It seems fitting to talk about loneliness now. Some things are opening but the COVID19 pandemic continues to close many social spaces and requires people to not only stay home but to physically distance themselves from those who live outside their home. It’s been interesting to watch the Facebook and Instagram evolution of my online network. The pandemic started with cutesy mask photos, ebbed into anger, and now includes random questions to spark online conversation and exercise videos.
There are those who have been gravely affected by the financial toll of losing work or of illness during COVID times. But setting more extreme circumstances aside, I’ve noticed that those who seem most impacted by social distancing are those who are very extroverted, those who live alone, and those who were lonely before the world shut down. I think for many, the slowed pace of life during a pandemic has unleashed an uncomfortable amount self-reflection. I imagine many are grappling with questions like: How do I occupy myself? And, how do I feel connected to those I care about if I can’t see them?
I think the silver lining of widespread feelings of loneliness during mandated social isolation is understanding. You or I may feel isolated today, but it took the extreme circumstances of a pandemic to get us there. Many are unluckier. They feel isolated daily, on normal days, or for long stretches of their lives. Many of those people are our family and friends. I think the pandemic has shown us that people feel loneliness at different thresholds and endure the feeling in varying ways.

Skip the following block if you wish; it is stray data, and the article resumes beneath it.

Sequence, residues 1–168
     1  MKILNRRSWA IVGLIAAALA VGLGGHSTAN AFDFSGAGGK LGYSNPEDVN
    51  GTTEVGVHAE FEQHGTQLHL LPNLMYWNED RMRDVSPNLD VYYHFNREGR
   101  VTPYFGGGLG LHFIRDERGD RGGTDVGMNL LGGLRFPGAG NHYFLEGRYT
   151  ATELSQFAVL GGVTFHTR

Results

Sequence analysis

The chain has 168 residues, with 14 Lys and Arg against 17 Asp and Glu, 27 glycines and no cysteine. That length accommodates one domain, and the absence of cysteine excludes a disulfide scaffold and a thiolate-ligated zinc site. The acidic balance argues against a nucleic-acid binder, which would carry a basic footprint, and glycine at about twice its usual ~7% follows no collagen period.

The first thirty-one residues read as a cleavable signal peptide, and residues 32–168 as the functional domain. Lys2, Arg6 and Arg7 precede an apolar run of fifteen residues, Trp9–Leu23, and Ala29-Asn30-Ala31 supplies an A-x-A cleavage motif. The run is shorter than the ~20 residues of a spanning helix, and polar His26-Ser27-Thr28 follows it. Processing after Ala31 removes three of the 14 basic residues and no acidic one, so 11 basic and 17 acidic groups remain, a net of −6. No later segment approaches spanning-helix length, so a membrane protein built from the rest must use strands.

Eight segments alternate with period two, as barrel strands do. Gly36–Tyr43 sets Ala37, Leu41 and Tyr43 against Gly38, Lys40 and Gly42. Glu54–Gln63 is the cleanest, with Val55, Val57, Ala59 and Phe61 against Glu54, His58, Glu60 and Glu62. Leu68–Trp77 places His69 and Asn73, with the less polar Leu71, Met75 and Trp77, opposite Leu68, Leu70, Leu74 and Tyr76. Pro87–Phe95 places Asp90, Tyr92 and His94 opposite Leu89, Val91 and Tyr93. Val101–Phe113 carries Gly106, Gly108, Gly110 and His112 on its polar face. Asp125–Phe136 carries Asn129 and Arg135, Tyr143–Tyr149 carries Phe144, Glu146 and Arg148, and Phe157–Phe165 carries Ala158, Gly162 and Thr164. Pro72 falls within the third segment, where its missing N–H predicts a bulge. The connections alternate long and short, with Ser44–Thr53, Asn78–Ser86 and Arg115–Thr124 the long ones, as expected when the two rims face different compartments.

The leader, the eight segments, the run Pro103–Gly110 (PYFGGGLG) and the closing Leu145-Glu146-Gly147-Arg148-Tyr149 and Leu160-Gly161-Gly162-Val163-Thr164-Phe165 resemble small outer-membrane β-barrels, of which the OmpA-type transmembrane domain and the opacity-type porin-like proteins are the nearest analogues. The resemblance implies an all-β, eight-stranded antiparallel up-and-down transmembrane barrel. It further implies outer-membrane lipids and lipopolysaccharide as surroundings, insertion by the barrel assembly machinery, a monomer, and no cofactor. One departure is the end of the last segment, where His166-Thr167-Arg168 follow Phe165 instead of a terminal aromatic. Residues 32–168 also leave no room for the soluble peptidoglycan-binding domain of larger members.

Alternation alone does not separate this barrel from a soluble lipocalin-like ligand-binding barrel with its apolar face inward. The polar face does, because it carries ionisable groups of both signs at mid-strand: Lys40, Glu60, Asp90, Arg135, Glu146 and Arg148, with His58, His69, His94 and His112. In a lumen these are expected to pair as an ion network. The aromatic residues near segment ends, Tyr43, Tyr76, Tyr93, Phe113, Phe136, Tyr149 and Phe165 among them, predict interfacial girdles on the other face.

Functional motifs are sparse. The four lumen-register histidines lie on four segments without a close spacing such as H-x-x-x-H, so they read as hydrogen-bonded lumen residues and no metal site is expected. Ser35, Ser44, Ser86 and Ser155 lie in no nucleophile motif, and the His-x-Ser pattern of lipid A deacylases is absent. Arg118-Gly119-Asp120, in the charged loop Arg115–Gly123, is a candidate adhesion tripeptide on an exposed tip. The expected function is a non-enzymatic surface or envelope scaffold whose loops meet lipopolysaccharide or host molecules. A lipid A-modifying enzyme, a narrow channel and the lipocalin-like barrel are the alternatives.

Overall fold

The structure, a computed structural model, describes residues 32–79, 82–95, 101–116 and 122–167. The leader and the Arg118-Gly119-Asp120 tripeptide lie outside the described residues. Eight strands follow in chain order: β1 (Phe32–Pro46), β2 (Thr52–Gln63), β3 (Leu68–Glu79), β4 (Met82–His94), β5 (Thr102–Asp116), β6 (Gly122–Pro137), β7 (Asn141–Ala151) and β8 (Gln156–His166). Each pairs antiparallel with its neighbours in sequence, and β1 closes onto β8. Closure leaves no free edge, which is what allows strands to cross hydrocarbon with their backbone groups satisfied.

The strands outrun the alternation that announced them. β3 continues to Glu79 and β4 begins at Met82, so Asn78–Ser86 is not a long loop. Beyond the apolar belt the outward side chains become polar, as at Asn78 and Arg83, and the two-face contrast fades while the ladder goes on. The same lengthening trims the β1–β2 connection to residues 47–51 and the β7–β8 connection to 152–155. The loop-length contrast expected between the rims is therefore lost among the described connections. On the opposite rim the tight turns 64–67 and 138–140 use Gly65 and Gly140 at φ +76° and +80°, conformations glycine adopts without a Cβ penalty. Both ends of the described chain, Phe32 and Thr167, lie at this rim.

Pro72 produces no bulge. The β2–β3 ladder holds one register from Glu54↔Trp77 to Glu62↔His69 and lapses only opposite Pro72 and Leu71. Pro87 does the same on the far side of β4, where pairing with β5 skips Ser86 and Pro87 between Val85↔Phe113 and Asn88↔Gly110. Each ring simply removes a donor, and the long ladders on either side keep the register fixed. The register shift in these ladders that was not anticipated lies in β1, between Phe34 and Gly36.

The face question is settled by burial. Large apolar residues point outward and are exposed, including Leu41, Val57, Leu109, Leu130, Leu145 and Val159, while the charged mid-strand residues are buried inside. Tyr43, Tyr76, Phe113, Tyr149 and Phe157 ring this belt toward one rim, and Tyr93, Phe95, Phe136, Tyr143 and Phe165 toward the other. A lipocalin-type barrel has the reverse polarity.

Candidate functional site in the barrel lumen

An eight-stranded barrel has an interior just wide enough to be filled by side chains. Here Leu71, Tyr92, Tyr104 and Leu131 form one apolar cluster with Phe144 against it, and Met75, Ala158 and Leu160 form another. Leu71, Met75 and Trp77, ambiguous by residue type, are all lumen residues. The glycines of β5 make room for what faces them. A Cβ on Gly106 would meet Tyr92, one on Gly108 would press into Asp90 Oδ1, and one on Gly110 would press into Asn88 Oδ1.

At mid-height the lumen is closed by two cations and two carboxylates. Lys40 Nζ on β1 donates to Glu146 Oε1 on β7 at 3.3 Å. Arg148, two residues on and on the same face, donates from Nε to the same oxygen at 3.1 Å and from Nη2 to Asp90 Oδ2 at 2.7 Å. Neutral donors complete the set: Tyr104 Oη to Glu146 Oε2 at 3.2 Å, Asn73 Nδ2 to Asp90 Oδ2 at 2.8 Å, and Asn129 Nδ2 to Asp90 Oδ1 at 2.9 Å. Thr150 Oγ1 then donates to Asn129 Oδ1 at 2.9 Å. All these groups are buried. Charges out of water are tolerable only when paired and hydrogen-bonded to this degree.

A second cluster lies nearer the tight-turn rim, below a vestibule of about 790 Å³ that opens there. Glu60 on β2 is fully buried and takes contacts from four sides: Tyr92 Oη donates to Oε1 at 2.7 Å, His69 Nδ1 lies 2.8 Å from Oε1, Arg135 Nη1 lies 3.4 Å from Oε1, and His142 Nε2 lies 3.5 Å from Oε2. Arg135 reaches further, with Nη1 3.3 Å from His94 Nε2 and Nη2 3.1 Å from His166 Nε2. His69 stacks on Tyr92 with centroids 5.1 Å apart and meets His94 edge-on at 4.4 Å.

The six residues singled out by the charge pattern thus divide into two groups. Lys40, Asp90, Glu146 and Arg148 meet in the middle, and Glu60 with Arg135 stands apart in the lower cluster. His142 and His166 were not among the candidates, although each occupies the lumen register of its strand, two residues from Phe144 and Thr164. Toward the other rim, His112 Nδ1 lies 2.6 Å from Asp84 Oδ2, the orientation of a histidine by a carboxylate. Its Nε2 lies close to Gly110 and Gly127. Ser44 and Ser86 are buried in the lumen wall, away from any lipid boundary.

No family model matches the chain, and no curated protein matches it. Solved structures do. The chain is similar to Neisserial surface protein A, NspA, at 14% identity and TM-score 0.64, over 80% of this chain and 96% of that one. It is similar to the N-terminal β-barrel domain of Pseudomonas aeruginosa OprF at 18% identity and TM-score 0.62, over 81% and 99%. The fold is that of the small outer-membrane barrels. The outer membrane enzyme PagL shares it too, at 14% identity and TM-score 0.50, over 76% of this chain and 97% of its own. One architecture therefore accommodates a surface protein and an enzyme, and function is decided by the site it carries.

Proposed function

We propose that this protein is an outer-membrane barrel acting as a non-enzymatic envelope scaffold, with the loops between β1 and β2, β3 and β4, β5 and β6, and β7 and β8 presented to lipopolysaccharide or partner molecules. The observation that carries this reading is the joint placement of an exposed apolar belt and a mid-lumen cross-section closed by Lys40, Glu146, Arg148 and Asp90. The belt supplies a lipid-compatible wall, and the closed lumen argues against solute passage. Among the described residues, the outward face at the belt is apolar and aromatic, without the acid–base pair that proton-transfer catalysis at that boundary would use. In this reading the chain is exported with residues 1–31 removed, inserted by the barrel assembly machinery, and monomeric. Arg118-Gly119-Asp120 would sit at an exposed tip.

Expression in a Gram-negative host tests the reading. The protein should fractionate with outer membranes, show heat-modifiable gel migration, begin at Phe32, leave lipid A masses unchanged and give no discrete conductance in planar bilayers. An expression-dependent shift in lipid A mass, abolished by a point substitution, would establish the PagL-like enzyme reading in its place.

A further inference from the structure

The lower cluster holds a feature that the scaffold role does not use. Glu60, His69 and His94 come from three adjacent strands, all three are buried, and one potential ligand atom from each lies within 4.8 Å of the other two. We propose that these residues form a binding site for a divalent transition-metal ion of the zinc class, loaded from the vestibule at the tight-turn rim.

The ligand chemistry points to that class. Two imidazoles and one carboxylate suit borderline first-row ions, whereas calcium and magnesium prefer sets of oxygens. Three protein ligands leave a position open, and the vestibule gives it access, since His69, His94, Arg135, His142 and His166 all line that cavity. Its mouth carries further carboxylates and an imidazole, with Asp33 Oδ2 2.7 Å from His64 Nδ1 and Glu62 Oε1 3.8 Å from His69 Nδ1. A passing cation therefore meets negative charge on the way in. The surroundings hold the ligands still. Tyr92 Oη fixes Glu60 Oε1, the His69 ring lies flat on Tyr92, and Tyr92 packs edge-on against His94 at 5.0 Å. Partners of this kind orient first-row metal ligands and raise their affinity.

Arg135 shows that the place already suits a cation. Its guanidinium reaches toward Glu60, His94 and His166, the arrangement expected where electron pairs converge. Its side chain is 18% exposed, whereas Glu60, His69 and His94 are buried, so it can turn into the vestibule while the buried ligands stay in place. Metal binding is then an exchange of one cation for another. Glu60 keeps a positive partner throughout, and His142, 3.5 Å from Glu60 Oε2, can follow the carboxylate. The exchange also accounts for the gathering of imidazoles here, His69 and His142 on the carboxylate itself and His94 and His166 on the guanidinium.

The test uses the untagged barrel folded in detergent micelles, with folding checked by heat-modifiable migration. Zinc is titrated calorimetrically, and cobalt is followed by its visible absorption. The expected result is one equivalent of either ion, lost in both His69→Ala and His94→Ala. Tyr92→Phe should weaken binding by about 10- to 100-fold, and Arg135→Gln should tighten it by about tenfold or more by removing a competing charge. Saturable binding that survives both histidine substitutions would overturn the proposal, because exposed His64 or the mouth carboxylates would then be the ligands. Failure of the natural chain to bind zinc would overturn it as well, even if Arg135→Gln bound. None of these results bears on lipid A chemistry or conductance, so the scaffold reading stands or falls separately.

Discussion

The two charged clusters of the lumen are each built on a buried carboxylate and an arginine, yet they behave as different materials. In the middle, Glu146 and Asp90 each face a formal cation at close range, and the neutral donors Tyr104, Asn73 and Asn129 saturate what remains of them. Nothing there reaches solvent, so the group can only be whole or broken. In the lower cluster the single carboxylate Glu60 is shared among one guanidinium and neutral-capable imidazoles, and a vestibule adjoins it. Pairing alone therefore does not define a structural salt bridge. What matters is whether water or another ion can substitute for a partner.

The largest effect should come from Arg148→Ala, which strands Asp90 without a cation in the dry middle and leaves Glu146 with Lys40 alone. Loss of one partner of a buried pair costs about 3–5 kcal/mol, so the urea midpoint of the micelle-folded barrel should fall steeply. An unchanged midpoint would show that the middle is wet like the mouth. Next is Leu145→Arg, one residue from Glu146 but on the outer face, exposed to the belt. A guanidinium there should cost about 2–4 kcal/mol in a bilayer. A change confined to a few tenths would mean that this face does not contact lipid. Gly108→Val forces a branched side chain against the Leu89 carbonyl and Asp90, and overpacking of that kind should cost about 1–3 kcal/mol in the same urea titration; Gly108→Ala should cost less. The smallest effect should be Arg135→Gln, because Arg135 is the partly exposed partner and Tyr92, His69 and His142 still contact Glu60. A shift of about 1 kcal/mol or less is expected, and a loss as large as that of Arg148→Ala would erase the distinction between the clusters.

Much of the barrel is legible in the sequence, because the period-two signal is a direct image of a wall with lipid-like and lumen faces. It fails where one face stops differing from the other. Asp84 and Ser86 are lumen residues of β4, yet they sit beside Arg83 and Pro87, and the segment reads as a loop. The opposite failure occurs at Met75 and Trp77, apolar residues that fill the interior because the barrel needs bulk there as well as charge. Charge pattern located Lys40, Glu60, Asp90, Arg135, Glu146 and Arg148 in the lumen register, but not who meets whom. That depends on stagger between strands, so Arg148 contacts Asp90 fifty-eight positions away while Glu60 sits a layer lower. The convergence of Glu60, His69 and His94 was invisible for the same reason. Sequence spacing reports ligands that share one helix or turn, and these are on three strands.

We can observe the evolution of our own feelings during COVID, especially if they are new feelings, in the hope that they will provide greater insight into the feelings others in our lives may have at different times.
Thinking about my career as a physician and my role as a member of a community and family, I will always know and meet people who are lonely. I think it is easy to forget how common loneliness is. It is not something that is always worn outwardly and loudly like a football jersey. Often it is subtle. And while we might not be able to drive the loneliness someone else is feeling away, each of us can be an encouraging force for others. We can be present to listen when someone else needs to share. We can be a connection in their lives.
The nice thing about pandemics is they usually end. For many, the end of this COVID shutdown will be a return to normal. It will be easier to travel and socialize again. The feelings of isolation and stress and sadness many feel now will magically lift when social distancing is no longer required for public health. But, for those who feel isolated for other reasons, the struggle will go on. You and I should remember that. Not to be negative and pessimistic but, rather, to remain in touch with people beyond ourselves. Loneliness is a powerful force. If we are feeling it now for the first time, we should take note. We should take note so that we might be more empathetic later when we are not feeling isolated and someone in our network is.